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From Health Law Daily, May 3, 2013

Federal law did not prohibit application of California’s two-visit rule to psychology services provided by an FQHC

By Geri Szuberla, JD, LLM

The Mendocino Community Health Clinic and other related clinics (Mendocino Clinics) were not eligible for Medi-Cal payment for more than two visits per month per patient for psychology services under state law, and the state law did not conflict with Medicaid law (Mendocino Community Health Clinic v State Department of Health Care Services, May 2, 2013, Nicholson, J). The Mendocino Clinics were federally qualified health centers (FQHCs) that provide outpatient clinic psychology services in addition to other “core” FQHC services. The statute that codified California’s payment system for FQHCs did not refer to outpatient psychology services except to say that a face-to-face encounter with a psychologist or social worker is a “visit” for the purpose of Medi-Cal payment to the FQHC. A Medi-Cal provider manual does specify that Medi-Cal Service limitations (two services per month) apply when rendered in an FQHC. The appellate court held that neither the federal Medicaid statute nor the 4th Circuit case cited by the Mendocino Clinics addresses state utilization controls. They also do not prohibit application of state utilization controls, the court held.

History of the case. A state trial court had granted the Mendocino Clinics petition for review of an administrative law judge (ALJ) decision that the Mendocino Clinics did not show that federal law was intended to supplant state Medi-Cal limitations on payments to FQHCs. The trial court reversed the ALJ decision, concluding that the two-visit utilization control found in the California Code of Regulations cannot be applied to psychology services rendered by an FQHC because (1) under federal law psychology services are core FQHC services for which the FQHC must be fully reimbursed and (2) even if federal law did not prohibit application of utilization controls to psychology services rendered by an FQHC, under state law the Legislature has not exercised its authority to impose utilization controls on those services.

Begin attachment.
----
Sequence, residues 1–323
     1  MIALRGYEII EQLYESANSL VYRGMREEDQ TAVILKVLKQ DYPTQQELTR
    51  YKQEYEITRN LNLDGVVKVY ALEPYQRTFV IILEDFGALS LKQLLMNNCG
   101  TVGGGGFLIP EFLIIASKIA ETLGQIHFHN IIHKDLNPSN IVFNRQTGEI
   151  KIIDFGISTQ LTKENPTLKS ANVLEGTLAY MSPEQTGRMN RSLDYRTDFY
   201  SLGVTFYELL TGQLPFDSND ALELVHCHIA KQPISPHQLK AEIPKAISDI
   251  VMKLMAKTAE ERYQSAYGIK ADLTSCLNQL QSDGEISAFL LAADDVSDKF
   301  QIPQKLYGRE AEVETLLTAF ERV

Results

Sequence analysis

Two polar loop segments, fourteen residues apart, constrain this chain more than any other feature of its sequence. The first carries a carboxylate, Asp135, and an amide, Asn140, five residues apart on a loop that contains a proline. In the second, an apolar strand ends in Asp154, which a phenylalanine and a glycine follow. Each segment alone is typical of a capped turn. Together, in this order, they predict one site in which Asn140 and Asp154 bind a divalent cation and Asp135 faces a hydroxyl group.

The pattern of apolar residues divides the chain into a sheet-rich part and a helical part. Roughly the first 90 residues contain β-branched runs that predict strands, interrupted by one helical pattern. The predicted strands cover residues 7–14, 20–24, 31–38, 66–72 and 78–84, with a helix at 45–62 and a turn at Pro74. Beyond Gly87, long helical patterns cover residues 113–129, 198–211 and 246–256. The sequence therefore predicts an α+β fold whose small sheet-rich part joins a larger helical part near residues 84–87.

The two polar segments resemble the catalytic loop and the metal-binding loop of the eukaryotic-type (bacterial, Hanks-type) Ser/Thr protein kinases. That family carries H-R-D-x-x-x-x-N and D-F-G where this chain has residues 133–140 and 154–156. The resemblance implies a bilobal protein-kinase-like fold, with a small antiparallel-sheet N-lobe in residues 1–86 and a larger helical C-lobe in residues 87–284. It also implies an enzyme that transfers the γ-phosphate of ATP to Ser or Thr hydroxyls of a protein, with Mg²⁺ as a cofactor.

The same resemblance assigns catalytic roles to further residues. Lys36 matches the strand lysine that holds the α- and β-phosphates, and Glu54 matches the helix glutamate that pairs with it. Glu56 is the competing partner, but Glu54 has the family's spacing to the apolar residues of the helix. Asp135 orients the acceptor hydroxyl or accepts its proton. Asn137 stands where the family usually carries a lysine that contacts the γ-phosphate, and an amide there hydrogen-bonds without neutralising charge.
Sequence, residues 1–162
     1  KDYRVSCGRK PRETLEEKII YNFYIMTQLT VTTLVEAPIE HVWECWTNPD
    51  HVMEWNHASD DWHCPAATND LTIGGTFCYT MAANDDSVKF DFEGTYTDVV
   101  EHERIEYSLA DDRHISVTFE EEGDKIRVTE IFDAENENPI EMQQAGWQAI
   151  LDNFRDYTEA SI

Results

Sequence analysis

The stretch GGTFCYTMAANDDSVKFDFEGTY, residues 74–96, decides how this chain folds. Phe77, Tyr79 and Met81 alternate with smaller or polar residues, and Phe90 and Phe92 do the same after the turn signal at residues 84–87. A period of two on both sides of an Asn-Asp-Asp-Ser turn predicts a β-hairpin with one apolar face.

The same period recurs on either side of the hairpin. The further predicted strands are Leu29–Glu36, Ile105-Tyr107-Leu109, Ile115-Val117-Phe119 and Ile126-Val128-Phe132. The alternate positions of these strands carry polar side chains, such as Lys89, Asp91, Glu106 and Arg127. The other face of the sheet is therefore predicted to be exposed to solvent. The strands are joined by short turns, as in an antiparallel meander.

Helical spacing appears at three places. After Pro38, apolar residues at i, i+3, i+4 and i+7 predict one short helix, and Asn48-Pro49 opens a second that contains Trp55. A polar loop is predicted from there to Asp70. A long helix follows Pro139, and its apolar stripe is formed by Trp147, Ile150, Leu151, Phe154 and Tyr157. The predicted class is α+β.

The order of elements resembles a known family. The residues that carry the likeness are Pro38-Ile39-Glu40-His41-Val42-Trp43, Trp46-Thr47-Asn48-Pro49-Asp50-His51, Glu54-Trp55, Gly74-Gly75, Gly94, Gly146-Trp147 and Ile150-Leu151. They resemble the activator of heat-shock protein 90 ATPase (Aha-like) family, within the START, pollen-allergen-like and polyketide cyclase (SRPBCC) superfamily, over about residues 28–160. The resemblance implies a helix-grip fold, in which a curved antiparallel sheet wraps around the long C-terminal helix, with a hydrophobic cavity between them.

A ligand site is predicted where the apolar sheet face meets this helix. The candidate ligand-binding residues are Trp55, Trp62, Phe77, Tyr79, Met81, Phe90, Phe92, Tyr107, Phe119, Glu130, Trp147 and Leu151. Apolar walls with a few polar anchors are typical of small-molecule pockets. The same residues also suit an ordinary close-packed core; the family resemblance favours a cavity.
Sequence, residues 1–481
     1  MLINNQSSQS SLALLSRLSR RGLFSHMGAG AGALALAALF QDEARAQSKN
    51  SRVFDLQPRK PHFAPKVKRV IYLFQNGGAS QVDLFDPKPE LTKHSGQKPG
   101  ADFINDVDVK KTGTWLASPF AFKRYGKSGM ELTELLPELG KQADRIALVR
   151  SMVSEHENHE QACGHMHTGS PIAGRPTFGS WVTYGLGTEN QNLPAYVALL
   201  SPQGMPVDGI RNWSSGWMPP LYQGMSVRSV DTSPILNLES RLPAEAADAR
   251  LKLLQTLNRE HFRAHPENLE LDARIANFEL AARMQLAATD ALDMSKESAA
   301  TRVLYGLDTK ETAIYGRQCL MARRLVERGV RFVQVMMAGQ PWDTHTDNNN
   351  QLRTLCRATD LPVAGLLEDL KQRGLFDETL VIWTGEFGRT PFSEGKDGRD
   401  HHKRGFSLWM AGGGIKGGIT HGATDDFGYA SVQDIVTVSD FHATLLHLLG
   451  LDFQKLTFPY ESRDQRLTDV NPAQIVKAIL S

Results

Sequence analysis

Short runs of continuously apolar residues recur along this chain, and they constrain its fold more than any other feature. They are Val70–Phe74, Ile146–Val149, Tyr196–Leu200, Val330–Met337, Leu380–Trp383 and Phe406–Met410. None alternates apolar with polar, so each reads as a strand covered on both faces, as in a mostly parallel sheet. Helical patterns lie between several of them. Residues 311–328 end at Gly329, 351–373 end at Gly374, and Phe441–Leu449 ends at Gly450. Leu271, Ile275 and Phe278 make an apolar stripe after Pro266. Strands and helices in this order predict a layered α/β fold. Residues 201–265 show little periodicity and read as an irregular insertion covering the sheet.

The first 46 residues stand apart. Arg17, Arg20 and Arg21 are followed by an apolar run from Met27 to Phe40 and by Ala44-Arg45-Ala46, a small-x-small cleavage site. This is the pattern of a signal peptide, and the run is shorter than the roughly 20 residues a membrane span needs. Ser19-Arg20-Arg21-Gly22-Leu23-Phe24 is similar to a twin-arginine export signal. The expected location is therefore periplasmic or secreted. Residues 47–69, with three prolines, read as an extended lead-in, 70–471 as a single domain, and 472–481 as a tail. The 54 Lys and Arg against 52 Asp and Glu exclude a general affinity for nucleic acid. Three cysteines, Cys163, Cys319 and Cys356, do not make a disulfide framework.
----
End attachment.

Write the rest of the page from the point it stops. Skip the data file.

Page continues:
Federal law. “Critical to the trial court’s holding and the Mendocino Clinics’ argument on appeal,” the appellate court said, “is that federal law concerning FQHCs requires states to provide full reimbursement to FQHCs for core services.” “Full reimbursement, however, does not preclude utilization controls,” the court held. The specific federal statute cited by the Mendocino Clinics, 42 U.S.C. 1396a(bb)(2), which requires states to pay “100 percent of the average of the costs of an FQHC, “simply does not address utilization controls,” the court said.

“That a state must fully reimburse an FQHC for services rendered does not necessarily mean that the state cannot limit the services rendered,” the court said. Federal law does not provide authority for the proposition that the state Department of Health Services cannot impose utilization controls on FQHCs, the court concluded.

State law. The trial court found, and the Mendocino Clinics argued on appeal, that California has not actually adopted utilization controls with respect to FQHCs. “To the contrary, the appellate court said, “state law limits outpatient clinic psychology services, even those provided by an FQHC, to two visits per month.” The schedule of Medi-Cal benefits in the state law is “subject to utilization limits,” according to subparagraph (a) of Welfare and Institutions Code sec. 14132.100. Code sec. 14133 permits controls to be imposed on the benefits provided in sec. 14132, the court said, including limitation on the number of services within a specified time frame, the court found. Those statutes, the court said, provide the authority for the regulation at 22 Cal. Code Regs. sec. 51304 that limits services listed in sec. 14132 to two visits per month per patient.

Statutory interpretation. The absence of reference to utilization controls in the state statutes concerning FQHCs could have resulted from the Legislature’s view that, because the FQHCs are rendering outpatient clinic services, they are subject to the already existing statutes and regulations concerning utilization controls applicable to outpatient clinics. That was the view of the state Medi-Cal agency, and the court agreed.

The case number is C067826.

Attorneys: Douglas S. Cumming (Law Offices of Douglas S. Cumming) for California Department of Health Care Services, Mendocino Community Health Clinic, Mendocino Community Health Clinic-Hillside Clinic, Mendocino Community Health Clinic-Lakeside, Mendocino Community Health Clinic-Little Lake Clinic. Kamala D. Harris (California Office of the Attorney General) for California Department of Health Care Services.

Companies: California Department of Health Care Services; Mendocino Community Health Clinic; Mendocino Community Health Clinic-Hillside Clinic; Mendocino Community Health Clinic-Lakeside; Mendocino Community Health Clinic-Little Lake Clinic

MainStory: TopStory MedicaidPaymentNews PreemptionNews CaliforniaNews

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